Paul Shute, an auditor for defendant, testified at the hearing that he had visited plaintiff earlier in the year in order to perform an audit of its registration applications under the plan for years 1979 and 1980. To do the audit, Shute said he needed to inspect plaintiff's IVMR's from September 1977 through August 1979. However, the president of plaintiff, James Hunt, informed Shute those records were unavailable. He said the records in question had been taken by an employee of plaintiff during a labor dispute. Shute testified he observed the presence of guards and picketers at plaintiff's place of business and a bullet hole in a window there, all evidence of current labor problems.

James Smith, a witness for plaintiff, testified further regarding the company's labor problems. He said he had been employed by plaintiff since May 1980 and was the person in charge of maintaining and controlling plan records for plaintiff. He testified that, in the spring of 1981, the "Teamsters" tried to organize plaintiff's drivers. The situation became violent and charges were filed against Teamster members. Smith said that, when a National Labor Relations Board representative came to examine plaintiff's records, he discovered IVMR's and other plan records were missing. This labor strife still continued when auditor Shute came to audit plaintiff's books.

Smith further stated he explained the situation to Shute when he arrived. He attempted to provide Shute with the documents he did have available for the years in question, including a large spread sheet containing old mileage reports from log books. According to Smith, Shute responded he could not possibly go by the sheet Smith provided because "the numbers [were] not lined up, [and] they [were] not printed anywhere correct at all."

Shute testified that, after learning the IVMR's he needed were not available, he telephoned his office, and his superior, Arthur Spiegel, told him he should use whatever records were available to perform his audit. According to Shute, he determined the most relevant available IVMR's were those from April 1980 through June 1981. He divided these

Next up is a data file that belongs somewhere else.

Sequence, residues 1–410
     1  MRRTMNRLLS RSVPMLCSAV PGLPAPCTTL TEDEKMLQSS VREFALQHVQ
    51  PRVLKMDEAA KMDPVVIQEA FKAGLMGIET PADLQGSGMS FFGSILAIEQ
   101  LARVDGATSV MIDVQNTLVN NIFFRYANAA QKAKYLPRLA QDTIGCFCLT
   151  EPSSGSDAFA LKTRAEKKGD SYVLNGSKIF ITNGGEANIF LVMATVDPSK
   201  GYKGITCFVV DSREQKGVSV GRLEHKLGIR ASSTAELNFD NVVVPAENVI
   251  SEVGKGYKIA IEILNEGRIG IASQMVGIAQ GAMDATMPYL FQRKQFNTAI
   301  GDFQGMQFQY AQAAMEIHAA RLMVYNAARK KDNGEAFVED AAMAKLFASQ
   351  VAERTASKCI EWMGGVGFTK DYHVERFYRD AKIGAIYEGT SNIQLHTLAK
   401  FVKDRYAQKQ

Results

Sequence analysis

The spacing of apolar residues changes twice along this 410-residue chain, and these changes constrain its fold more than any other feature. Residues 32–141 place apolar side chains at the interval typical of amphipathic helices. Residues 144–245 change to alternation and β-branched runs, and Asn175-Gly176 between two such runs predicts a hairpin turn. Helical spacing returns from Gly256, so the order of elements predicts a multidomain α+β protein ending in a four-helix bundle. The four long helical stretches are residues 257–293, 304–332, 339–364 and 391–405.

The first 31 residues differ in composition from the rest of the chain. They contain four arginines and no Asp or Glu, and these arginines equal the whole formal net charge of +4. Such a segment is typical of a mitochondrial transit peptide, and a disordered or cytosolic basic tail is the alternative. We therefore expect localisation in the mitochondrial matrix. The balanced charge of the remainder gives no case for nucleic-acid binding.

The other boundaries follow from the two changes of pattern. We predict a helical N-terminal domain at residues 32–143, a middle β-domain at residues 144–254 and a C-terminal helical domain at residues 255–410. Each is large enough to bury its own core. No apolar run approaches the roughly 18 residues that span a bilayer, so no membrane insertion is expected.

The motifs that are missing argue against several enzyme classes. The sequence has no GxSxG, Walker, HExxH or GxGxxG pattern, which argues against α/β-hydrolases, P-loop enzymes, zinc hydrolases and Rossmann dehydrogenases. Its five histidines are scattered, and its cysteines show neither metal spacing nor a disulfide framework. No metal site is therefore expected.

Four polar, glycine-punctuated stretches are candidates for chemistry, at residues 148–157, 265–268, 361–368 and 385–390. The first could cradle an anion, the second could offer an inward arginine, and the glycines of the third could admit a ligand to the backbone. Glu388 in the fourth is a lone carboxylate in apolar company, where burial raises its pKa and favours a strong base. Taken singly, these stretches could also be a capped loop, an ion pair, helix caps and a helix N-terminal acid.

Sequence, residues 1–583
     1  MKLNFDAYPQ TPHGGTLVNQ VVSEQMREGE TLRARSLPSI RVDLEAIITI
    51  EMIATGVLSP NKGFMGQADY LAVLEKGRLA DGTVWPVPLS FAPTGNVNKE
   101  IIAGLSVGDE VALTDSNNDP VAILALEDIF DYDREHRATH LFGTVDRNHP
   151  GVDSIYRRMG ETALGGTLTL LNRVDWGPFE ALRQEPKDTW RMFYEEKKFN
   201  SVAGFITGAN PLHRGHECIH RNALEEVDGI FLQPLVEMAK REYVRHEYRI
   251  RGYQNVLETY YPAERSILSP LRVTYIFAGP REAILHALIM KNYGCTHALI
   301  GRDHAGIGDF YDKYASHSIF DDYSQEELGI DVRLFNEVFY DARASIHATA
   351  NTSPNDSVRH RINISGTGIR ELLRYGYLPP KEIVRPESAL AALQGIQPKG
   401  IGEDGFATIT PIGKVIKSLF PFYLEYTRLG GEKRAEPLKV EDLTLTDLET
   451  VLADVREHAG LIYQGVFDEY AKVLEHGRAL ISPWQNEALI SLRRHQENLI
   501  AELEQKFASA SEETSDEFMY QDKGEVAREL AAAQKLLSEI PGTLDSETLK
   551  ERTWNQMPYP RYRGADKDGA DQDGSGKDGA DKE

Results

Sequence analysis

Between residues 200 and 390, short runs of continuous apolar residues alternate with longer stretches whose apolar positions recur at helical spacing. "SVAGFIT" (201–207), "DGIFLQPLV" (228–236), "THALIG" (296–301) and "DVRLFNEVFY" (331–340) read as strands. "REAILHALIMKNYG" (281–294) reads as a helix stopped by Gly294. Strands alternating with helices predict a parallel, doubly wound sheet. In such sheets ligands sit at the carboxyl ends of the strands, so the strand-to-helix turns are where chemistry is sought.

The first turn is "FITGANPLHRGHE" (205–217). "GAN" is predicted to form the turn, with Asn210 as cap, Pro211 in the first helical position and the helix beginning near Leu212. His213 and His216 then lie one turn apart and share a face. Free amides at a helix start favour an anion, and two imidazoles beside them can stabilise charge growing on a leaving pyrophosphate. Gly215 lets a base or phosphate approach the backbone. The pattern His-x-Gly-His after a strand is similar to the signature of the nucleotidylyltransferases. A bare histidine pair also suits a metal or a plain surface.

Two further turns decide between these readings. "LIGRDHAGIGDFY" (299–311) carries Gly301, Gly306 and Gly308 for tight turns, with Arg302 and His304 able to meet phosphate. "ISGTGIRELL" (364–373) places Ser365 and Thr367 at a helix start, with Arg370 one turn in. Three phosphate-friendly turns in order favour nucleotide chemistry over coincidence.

Shute further testified that, after making the foregoing computations, he then applied the "Illinois factor" to the full license fee for each year that would have been required of plaintiff, absent the existence of the plan, and determined plaintiff's liability for the 1979 and 1980 years. The amount of the full license fees was shown on the face of plaintiff's application for the years in question. Shute stated Hunt then agreed to have his 1981 registration request similarly audited, and Shute then calculated plaintiff's liability for that period in a similar manner. The computations indicated plaintiff owed defendant additional fees in the following amounts: (1) $3,235.47 and interest of $491.51 for 1979; (2) $4,212.45 and interest of $387.43 for 1980; and (3) $2,978.07 and interest of $104.23 for 1981.

On cross-examination, Shute testified nothing indicated plaintiff's president or other personnel had secreted or destroyed the missing records. He further said the records that did exist since April 1980 were kept properly according to the plan. Shute also stated on cross-examination he thought plaintiff's president had told him its operations had changed over the past few years, although Shute said he could not tell whether a change had occurred. He did not make any inquiries about the mentioned changes or perform any additional investigation. He ...